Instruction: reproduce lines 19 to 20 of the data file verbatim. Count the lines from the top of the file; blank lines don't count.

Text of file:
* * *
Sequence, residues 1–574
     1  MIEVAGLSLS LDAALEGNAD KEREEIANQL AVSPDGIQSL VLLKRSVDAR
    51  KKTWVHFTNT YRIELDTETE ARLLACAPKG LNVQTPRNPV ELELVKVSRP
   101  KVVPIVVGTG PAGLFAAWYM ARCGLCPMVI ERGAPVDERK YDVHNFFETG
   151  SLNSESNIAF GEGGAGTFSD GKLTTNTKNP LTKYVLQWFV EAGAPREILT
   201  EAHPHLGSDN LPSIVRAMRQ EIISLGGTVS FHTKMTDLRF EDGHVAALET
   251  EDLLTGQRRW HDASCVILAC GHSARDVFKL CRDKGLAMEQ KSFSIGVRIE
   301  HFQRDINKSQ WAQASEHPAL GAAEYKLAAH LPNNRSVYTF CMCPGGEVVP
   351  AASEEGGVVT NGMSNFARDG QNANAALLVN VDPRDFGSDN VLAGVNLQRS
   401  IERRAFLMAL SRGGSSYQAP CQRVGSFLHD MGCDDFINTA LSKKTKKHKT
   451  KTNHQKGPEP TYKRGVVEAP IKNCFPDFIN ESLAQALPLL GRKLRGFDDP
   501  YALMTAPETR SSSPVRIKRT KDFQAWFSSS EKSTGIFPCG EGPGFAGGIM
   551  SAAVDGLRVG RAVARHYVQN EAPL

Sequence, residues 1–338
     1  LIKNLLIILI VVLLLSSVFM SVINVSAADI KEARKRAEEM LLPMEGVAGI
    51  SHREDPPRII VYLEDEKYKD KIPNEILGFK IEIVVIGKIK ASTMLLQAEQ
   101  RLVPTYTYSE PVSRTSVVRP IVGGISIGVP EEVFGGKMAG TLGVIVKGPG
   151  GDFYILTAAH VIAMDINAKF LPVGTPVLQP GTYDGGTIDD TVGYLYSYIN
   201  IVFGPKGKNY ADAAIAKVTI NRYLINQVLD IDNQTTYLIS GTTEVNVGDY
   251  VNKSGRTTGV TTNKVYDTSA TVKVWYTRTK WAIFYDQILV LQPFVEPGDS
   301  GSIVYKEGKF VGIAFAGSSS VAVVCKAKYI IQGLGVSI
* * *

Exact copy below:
   201  IVFGPKGKNY ADAAIAKVTI NRYLINQVLD IDNQTTYLIS GTTEVNVGDY
   251  VNKSGRTTGV TTNKVYDTSA TVKVWYTRTK WAIFYDQILV LQPFVEPGDS